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On the other hand, the male shirt takes on a more mischievous connotation: it is the cinematic device known as “sexy shirt switch”, the one in which the next morning she wears his shirt, hinting – not so subtly – at the liaison just consumed. Not only a way to avoid censorship, but also to portray a new type of woman, free and libertine – at least apparently, because on closer inspection it is only a new form of fetishization of the female body that comes into play. If you look at the eighties advertisements of the men’s shirt brand Van Heusen, whose slogan read “For a man to wear. And a woman to borrow”, the objectification of women remains evident despite having fallen into the garment-symbol of authority and status. Yet this idea remains a cornerstone of cinema, fil rouge of many unforgettable moments lived on the big screen: Brigitte Bardot, with her wild hair and capricious air, accompanies a glass of wine with a cigarette dressed only in an oversized shirt with thin stripes in Private Deal 1961, Jacqueline Bisset steals James Bond’s shirt in Casino Royale, 1967, from Pretty Woman, 1990, a Notting Hill, 1999, Julia Roberts makes it a cornerstone of her characters – strong, independent women, who yet do not entirely escape the male gaze –of course the myth of the post-sex shirt befits the lewd and decadent character of Eva Green in The Dreamers 2003, while in Mr. & Mrs Smith 2005, Angelina Jolie flaunts it with a super sensual simplicity.

circa 1948 american actor lauren bacall smoking a cigarette and leaning on the shoulder of her husband, actor humphrey bogart, on the set of the film 'key largo' photo by hulton archivegetty images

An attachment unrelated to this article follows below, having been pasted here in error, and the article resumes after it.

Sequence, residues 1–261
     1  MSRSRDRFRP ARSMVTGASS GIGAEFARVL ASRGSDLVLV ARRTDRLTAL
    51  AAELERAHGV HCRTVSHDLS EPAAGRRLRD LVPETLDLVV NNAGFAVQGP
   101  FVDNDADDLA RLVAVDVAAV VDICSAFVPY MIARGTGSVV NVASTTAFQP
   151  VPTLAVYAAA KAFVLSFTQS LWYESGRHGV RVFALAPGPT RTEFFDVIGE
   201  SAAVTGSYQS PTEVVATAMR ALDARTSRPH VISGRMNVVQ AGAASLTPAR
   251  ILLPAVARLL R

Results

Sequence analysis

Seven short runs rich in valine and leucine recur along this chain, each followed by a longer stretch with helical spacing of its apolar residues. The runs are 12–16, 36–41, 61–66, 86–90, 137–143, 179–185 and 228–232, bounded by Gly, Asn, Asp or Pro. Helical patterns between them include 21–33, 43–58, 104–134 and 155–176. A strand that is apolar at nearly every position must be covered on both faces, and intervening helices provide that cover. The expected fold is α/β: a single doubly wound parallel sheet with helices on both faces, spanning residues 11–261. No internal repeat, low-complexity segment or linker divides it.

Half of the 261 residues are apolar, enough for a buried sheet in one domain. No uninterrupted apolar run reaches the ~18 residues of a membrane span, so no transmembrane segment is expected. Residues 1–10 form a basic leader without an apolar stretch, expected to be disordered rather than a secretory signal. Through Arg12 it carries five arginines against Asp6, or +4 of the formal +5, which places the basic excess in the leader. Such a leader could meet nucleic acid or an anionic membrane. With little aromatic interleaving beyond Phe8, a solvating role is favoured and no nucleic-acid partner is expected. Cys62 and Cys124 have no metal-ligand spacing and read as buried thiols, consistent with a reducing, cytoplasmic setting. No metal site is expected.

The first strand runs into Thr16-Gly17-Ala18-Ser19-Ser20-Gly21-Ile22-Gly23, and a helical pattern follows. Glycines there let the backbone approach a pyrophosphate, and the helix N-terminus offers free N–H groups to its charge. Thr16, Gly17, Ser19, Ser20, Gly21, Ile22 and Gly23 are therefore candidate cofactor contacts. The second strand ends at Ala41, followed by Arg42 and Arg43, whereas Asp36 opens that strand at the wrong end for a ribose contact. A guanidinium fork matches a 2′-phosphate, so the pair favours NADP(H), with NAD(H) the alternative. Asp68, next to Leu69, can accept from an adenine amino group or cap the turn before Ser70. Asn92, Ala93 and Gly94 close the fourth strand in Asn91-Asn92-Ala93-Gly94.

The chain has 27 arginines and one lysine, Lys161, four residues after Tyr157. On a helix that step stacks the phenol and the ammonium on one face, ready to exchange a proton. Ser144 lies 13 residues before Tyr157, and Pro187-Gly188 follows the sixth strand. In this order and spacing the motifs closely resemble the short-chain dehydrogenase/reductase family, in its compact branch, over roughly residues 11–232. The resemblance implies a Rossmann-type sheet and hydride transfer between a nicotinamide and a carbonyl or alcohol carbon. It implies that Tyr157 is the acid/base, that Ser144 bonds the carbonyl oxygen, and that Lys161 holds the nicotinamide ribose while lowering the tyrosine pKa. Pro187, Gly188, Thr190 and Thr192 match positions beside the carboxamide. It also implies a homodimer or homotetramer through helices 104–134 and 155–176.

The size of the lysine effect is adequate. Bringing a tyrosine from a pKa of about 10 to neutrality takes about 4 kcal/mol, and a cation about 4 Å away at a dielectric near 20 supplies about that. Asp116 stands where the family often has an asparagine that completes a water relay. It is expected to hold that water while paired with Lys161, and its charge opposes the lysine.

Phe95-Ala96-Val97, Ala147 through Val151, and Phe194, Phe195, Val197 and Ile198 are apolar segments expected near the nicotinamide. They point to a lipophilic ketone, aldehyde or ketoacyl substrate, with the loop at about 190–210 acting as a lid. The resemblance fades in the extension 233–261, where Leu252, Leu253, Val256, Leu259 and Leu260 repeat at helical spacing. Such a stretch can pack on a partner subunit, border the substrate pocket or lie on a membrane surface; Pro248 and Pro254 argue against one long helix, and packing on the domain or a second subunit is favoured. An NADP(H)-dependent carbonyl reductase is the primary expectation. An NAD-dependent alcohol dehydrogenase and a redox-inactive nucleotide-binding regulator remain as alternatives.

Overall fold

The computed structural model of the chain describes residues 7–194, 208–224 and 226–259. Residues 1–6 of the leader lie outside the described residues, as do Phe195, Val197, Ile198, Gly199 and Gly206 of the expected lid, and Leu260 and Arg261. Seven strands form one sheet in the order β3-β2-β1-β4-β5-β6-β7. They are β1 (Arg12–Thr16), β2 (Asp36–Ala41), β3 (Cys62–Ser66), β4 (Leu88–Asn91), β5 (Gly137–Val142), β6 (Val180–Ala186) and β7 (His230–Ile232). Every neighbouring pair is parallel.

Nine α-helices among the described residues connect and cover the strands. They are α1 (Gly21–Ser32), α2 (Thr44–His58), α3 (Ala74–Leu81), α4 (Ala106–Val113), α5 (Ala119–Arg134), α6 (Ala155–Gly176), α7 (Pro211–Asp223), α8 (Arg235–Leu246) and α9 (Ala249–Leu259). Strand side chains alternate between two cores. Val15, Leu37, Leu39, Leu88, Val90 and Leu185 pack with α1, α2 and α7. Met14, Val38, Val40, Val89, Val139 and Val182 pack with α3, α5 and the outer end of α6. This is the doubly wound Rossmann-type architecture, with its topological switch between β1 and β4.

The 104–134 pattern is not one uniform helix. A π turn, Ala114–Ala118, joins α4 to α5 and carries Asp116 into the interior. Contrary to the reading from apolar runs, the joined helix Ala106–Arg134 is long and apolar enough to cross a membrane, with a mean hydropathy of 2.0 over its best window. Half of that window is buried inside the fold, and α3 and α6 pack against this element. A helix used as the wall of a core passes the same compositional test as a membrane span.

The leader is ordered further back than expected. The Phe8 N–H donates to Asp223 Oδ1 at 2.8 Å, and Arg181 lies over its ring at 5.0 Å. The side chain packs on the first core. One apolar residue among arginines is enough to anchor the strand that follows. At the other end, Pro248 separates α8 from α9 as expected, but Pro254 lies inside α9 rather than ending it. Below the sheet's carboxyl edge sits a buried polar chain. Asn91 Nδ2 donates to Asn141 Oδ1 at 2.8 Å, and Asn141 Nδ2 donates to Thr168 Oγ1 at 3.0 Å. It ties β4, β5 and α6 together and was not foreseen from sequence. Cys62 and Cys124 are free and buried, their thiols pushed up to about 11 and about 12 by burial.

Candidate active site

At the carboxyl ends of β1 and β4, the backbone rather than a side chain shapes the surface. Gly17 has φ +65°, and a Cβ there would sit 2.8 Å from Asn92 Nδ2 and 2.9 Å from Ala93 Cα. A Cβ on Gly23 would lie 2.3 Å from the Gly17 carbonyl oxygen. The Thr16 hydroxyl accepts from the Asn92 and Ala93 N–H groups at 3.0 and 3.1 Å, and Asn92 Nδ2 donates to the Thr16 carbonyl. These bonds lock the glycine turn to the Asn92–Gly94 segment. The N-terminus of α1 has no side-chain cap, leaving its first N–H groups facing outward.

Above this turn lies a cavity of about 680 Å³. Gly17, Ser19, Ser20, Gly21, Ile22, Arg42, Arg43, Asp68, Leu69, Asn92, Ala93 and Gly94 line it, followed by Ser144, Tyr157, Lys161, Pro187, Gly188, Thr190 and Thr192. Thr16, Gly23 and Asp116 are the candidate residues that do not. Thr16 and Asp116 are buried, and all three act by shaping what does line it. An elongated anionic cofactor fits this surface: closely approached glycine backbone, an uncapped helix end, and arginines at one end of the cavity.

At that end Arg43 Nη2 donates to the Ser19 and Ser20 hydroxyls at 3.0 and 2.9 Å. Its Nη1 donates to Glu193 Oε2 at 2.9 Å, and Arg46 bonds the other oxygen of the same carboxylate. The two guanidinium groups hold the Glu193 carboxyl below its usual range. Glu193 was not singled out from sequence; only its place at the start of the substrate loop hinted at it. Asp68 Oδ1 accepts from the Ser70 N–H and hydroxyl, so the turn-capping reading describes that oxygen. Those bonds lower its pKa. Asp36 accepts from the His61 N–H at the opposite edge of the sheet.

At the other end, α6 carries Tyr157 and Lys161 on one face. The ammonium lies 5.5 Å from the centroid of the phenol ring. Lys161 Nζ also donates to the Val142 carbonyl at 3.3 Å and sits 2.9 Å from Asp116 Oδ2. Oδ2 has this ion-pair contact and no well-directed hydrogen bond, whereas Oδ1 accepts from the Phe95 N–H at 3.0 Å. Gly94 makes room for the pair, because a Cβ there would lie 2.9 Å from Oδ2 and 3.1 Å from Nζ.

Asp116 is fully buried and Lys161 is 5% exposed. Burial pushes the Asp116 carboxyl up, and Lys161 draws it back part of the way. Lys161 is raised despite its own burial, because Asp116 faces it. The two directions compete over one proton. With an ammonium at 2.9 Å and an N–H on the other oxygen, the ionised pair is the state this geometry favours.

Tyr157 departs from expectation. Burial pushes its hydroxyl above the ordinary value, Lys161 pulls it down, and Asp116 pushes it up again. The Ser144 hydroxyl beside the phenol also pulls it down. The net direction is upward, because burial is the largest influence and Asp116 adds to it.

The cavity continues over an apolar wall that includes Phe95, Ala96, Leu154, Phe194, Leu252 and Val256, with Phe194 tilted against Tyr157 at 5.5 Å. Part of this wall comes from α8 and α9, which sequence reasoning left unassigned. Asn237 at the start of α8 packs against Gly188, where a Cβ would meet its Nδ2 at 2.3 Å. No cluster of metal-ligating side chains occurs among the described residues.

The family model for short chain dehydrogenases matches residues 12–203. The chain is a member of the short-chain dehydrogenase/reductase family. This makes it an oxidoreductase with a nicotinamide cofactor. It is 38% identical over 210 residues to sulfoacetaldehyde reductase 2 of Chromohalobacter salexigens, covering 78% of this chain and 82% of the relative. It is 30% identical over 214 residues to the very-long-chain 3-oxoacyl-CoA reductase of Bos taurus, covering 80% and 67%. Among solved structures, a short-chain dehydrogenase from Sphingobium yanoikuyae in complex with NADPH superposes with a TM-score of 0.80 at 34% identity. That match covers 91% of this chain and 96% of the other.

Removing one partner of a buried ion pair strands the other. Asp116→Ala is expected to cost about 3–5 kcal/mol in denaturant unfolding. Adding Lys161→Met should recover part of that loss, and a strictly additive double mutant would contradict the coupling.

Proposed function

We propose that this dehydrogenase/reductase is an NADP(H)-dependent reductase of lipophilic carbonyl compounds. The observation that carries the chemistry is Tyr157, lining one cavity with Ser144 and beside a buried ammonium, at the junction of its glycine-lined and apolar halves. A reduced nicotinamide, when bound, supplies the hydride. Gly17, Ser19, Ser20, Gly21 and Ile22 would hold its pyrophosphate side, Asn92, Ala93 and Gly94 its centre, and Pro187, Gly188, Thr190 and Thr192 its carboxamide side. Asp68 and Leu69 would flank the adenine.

Hulton ArchiveGetty Images

There are also implications radical-chic: worn by a woman, the shirt button-down it does not necessarily imply a sexual meaning, at times it is instead linked to the sphere of the intellect. This is the case of Annie Hall in the 1977 film of the same name, where the heroine of Woody Allen created in the image and likeness of Diane Keaton, the actress who plays her, draws a lot from the male wardrobe: between oversized men’s shirts, wide pants, vests tailoring and ties, her stylistic choices create the image of an intellectual, cultured and sagacious woman, able to intrigue the mind more than her ostentatious femininity. Another striking example is Uma Thurman’s Mia Wallace in Pulp Fiction ,1994, which thanks to the disruptive personality and the air from bad girl has managed to make the simple white shirt and black trouser combo one of the most iconic looks ever. Moving on to the fashion world, Sante D’Orazio’s shot that portrays a listless Kate Moss while reading a book in the bathtub wearing only a men’s shirt is able on its own to evoke an entire imagination, encompassing all the nuances seen so far. . A versatile, fascinating garment that gives rise to multiple interpretations, even on the catwalk the men’s shirt is revived every season, now in tailored looks, now with a more minimalist and street push, now imbued with a sensual connotation. In particular in the nineties it is the quintessence of an essential and spontaneous elegance: Kate Moss anticipates theaesthetic schoolgirl showing off her tailored shirt – buttoned up to the top, sometimes even accompanied by a tie – in the DKNY and Isaac Mizrahi fashion shows, Linda Evangelista for Chanel brings it over with a cascade of colorful necklaces and super tight cyclist-style Bermuda shorts, for Cindy Crawford becomes a kind of trademarkbetween everyday life and runway look signed Calvin Klein, Michael Kors and Ralph Lauren. The latter, together with Yves Saint Laurent, explores the potential of the tailoring feminine, proposing the classic button-down in androgynous, intriguing and sophisticated suits.

In the same years, the masculine cut shirt worn with jeans – even better if Levi’s 501 – also became the uniform of choice for the perfect French girl and even eternal style icons such as Carolyn Bessette-Kennedy and Lady Diana have it more times incorporated into their everyday style, officially elevating them to the emblem ofeffortless chic.

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About David Martin

David Martin is the lead editor for Spark Chronicles. David has been working as a freelance journalist.